Genevieve Rademeyer – Pregnancy after breast cancer

New mother and triple negative breast cancer survivor, Genevieve Rademeyer, shares the heart-warming story of falling pregnant a year after her treatment.


Genevieve Rademeyer (30) lives in Benoni, Gauteng with her husband, Steve, and their six-month old baby, Ryan.  

Triple negative breast cancer diagnosis

After feeling a lump and consulting a breast specialist and undergoing testing, Genevieve was diagnosed with triple negative breast cancer in May 2018. “In some weird way when I first felt the lump, I already knew it was cancer. But actually hearing a doctor confirm it was absolutely heart-breaking and terribly scary. 

It’s something that you wish was a bad dream that you would wake up from. You start to fear for your life as you rarely hear the success stories of cancer, just stories of when people die from it. You also fear how this will affect your family, because a lot of people don’t realise it’s just as hard for them as it’s for you,” she explains.

Due to Genevieve’s age (27) and her not having children, she and her husband were informed that there was a possibility that she wouldn’t be able to have children as the chemotherapy could affect her fertility. This was devastating news to hear as Genevieve always wanted children. “For as long as I can remember, all I wanted is to become a mother,” she says. 

GnRH agonist injection

“I went to see a fertility specialist, as advised, to find out more about the option of freezing my eggs. I was also given an option to use an injection, a GnRH agonist, that would be given to me every two months that would help to protect my ovaries during chemotherapy. However, we were warned that even though this injection had a good success rate, there was a chance that it wouldn’t work. The freezing of eggs was way too expensive and there was no way that we could afford that, so my husband and I decided to go for the injection and we just hoped and prayed for the best,” Genevieve explains.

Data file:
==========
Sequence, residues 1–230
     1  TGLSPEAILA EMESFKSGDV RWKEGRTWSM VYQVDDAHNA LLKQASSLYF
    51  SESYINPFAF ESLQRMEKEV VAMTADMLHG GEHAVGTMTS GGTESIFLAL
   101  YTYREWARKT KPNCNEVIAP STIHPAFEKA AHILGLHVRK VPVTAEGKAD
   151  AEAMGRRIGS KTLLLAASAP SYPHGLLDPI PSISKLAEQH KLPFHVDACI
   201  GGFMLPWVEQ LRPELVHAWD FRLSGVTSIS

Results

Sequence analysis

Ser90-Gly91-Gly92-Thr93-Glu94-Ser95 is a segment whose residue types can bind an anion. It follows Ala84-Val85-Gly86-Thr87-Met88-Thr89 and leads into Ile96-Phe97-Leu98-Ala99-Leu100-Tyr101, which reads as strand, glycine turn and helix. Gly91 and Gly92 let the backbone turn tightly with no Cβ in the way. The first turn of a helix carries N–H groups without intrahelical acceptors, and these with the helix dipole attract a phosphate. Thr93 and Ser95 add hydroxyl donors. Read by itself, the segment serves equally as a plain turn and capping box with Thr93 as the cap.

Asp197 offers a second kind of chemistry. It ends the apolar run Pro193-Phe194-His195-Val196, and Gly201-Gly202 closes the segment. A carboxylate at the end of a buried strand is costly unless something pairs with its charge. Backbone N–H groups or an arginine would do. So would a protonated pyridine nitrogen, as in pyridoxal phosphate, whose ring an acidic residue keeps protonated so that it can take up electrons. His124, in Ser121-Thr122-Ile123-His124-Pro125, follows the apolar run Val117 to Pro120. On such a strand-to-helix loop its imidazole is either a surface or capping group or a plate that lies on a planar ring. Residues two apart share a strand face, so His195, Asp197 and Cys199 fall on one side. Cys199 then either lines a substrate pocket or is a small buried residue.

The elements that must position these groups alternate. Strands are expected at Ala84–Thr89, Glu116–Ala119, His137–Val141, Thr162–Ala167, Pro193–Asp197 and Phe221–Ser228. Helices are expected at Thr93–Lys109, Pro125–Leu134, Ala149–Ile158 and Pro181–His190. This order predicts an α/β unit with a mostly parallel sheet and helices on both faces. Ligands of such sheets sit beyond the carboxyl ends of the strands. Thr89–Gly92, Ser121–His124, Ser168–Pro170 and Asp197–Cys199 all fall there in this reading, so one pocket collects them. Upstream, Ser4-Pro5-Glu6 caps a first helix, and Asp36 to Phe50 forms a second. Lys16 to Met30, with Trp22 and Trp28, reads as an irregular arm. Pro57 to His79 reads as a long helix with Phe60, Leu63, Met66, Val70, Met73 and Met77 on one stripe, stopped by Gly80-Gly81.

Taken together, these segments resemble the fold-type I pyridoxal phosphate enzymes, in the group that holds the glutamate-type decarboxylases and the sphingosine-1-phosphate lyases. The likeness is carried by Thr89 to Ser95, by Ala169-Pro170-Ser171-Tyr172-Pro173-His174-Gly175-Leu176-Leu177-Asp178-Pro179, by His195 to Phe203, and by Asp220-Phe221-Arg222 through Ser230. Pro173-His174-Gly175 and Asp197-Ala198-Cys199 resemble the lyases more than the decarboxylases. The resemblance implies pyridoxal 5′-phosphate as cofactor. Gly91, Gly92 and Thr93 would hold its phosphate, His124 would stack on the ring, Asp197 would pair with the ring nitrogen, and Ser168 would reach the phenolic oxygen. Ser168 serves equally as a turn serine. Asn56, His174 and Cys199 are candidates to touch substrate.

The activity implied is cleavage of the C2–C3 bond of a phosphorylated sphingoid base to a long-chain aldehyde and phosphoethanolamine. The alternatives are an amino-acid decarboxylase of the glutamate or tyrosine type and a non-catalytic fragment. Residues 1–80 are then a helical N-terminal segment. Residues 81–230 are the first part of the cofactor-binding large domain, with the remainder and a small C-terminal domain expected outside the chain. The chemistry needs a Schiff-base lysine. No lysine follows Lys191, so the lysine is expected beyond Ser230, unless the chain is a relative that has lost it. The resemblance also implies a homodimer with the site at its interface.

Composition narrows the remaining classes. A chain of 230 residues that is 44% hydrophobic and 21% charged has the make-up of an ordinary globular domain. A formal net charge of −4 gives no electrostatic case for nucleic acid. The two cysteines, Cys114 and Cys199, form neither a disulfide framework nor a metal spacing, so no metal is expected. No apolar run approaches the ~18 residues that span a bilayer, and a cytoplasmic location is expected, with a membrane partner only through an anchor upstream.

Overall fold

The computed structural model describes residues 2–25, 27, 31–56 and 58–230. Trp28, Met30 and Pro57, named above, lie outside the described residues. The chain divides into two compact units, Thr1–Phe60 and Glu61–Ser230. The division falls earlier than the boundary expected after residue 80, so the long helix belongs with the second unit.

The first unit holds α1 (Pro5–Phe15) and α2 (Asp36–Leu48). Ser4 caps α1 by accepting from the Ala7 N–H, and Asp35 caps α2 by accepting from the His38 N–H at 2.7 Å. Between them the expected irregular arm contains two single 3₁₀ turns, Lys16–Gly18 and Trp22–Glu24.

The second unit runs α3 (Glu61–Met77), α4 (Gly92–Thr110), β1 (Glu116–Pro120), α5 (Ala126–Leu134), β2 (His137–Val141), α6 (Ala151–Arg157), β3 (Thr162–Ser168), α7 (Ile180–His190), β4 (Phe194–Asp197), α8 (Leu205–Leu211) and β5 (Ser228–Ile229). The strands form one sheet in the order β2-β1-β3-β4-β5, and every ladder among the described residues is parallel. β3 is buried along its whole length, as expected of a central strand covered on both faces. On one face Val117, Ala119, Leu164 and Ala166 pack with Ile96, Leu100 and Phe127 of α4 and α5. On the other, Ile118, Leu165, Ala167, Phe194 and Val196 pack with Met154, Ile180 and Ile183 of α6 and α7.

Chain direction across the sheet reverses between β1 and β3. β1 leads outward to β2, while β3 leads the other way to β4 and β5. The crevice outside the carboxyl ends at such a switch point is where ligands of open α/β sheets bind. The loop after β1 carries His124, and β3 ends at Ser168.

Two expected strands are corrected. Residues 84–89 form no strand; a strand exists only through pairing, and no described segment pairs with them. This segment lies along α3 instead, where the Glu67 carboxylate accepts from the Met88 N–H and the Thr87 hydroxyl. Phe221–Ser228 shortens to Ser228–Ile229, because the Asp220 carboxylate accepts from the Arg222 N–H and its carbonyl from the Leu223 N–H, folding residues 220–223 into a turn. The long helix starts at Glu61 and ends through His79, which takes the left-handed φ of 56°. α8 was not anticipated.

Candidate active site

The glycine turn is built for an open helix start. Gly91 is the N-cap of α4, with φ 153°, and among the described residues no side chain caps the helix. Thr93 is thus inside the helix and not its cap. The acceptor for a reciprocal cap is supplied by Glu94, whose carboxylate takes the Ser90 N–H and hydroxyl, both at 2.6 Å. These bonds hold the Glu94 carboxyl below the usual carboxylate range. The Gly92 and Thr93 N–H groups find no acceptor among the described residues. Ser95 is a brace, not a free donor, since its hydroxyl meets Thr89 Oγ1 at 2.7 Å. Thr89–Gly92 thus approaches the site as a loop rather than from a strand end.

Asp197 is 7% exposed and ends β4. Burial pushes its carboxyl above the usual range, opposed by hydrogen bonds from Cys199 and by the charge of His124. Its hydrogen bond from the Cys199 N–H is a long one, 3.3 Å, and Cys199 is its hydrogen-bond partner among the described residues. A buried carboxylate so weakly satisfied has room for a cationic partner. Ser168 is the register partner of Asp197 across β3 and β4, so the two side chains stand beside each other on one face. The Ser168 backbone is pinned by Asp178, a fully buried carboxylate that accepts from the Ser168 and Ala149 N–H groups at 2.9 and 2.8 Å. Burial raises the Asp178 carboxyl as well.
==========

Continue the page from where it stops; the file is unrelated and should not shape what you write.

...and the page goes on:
The fertility specialist also explained that to undergo artificial insemination, if needed in the future, a couple needs to have tried to conceive naturally for three years, with no success.

Treatment

In June, Genevieve began treatment: 12 rounds of chemotherapy, with three weeks in between each round, which finished in October. She then had a lumpectomy in November and was told there was no evidence of disease (NED) after surgery. She started radiation in January 2019 and completed all treatment in February. 

“In the beginning, it wasn’t too bad, I suppose it had to do with the chemotherapy having to first find its way into my system but once it did, it was rough. Still to this day when I think about it, I can feel exactly how I did throughout treatment. I even get the horrible taste in my mouth that chemo gave me. I think the worst part was that during the three weeks between the chemo rounds, you start to recover from the last treatment and feel like a human again, and then it was time to go back for the next round.”

Genevieve goes on to say, “A good support system is vital when going through treatment as it’s extremely taxing on the mind, body and soul. You need to stay strong and have people to help you get through it. 

My husband was my absolute life-saver, especially nearing the end as I started refusing to go as it was so hard on me.”

Falling pregnant 

After giving her body time to heal properly, Genevieve and Steve tried to fall pregnant. She says, “Even though we knew there may be a chance that we wouldn’t be able to have a child, we still tried and prayed.”